Scott Compton: Stomped On Flag and Got $85,000 For It


Last winter, South Carolina teacher Scott Compton created controversy when he threw an American flag on the ground and stomped all over it. He said it "was only a piece of cloth," and it didn't "mean anything." Well, he was suspended afterwards, and it doesn't help when your superintendent is a military veteran. He soon resigned, but threatened  legal action. To avoid a costly battle, he was offered a taxpayer-funded settlement, which he accepted. To be honest, I have no problem with Compton stomping on the American flag. I would feel the same way if he had burned it. Although, I'm sure other feel differently, especially since they're the ones being billed for this bailout. 

At the end of the day, Compton was given an $85,000 goodbye package, which "is on top of Compton’s salary that will be paid through June 7, even though he has been out of the classroom since December." Additionally, the "Lexington-Richland 5 taxpayers also will foot the bill for more than $31,500 in attorney fees, records obtained by The State newspaper under a state Freedom of Information Act request show."  Compton can also apply for unemployment benefits.  

It's an emotionally-charged issue, and Compton should've known better concerning this educational exercise in a conservative state. But that shouldn't deter other teachers from doing like-minded engagement in the classroom. For example, the miasma of liberalism emanates from higher education — and it should be watched — but that doesn't mean there isn't an inherent value to a college professor going off on an insane anti-American tangent. If anything, it should strengthen a conservative's resolve to prove that person wrong. Being challenged on your positions is always a good thing.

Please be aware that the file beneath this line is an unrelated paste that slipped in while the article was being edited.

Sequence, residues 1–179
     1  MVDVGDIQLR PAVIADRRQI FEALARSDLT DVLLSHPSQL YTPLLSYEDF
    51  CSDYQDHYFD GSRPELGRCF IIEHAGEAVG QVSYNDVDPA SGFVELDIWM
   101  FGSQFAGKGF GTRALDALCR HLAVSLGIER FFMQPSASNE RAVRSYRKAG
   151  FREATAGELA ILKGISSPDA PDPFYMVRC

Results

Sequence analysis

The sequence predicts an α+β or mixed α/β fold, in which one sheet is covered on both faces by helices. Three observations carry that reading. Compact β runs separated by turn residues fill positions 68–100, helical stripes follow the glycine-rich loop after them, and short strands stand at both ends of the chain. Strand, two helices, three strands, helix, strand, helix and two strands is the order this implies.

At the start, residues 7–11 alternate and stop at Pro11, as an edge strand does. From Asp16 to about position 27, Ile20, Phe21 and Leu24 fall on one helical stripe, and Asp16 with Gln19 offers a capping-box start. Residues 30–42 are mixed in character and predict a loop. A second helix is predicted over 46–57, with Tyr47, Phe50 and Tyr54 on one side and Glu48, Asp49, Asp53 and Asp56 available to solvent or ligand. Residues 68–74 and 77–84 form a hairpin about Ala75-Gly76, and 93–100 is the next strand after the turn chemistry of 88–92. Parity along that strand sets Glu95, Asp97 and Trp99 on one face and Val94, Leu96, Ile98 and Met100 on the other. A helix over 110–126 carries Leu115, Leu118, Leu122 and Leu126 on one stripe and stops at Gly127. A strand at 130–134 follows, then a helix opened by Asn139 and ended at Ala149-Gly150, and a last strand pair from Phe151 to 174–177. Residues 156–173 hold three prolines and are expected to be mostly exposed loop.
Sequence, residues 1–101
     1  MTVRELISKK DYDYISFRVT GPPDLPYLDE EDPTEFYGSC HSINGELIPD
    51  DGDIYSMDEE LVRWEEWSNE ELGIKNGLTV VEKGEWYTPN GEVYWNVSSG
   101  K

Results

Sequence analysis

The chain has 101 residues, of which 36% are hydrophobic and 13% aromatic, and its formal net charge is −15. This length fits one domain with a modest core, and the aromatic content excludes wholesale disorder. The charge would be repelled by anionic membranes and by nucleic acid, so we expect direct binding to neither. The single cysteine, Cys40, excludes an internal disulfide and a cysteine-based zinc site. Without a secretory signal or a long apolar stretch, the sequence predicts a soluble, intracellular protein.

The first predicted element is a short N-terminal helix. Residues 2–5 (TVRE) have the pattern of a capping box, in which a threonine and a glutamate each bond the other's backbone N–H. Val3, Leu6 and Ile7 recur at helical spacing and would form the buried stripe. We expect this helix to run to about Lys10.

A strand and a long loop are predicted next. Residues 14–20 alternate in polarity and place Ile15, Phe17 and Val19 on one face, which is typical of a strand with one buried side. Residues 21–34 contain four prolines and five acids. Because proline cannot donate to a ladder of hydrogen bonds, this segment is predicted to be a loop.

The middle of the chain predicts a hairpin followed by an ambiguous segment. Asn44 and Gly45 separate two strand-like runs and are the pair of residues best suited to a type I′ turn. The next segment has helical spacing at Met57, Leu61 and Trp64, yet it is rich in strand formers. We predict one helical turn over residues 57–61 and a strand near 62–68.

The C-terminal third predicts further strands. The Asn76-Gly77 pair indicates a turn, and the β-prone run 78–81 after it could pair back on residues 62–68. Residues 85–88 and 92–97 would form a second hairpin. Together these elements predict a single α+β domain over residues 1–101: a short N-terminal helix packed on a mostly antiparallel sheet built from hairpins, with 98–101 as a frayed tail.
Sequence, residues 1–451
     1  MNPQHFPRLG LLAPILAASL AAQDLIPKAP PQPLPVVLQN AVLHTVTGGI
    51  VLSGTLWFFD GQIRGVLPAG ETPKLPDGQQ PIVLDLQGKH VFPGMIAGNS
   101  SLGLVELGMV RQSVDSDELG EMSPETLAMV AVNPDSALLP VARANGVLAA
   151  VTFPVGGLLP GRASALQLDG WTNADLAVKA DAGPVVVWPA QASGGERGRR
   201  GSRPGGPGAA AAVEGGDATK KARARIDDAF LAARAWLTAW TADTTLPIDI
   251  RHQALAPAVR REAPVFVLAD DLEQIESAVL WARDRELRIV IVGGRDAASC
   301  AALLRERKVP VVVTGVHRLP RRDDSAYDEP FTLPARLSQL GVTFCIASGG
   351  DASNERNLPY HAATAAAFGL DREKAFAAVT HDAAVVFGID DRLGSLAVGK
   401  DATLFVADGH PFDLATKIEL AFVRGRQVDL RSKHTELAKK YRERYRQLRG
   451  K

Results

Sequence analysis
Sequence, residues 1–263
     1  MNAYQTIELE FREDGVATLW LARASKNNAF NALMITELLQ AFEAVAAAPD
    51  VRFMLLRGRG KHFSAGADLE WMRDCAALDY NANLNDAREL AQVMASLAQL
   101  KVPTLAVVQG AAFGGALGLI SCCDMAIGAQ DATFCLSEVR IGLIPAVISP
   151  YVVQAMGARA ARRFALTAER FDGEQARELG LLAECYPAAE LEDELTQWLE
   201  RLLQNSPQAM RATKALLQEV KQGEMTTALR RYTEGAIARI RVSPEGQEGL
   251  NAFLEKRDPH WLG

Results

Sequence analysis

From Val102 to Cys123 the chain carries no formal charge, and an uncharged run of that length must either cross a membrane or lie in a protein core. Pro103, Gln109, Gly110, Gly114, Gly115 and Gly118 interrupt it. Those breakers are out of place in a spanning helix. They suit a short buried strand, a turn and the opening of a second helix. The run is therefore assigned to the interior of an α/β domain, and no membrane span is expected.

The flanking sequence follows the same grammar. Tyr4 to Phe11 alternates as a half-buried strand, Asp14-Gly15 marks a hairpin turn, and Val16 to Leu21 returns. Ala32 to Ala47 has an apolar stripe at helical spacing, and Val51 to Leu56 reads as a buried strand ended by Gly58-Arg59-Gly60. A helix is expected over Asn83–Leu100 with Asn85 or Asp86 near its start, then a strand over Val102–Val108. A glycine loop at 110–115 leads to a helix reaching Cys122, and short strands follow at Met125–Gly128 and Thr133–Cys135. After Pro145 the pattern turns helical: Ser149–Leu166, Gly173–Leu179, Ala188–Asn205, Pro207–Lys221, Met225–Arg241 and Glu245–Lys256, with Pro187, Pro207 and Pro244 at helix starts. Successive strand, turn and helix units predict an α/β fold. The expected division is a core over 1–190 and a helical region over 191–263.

Yes, this is one of those issues — and there are a few — where I get relegated to the kids table within conservative circles. I agree that what Compton did was disgraceful and disrespectful to the men and women in the military, and those who have built the United States into the nation we are today. Frankly, if it weren't for the U.S. troops who fought in Korea, I wouldn't be enjoying the life I live today with the loving family that adopted me.  Yet, at the same time, every man and woman in uniform fights so that people have the freedom to do exactly what Compton did, which is constitutionally protected under the First Amendment.

We may not like what Compton did, but it's not illegal to stomp on a flag, or desecrate it.  As for Compton's settlement, the school district could've chosen not to dismiss him. As a conservative, I don't put the Bill of Rights on a graduated scale. They're all important, and everyone should be equally vociferous in defending all of them, while also protecting those who invoke its privileges from time to time.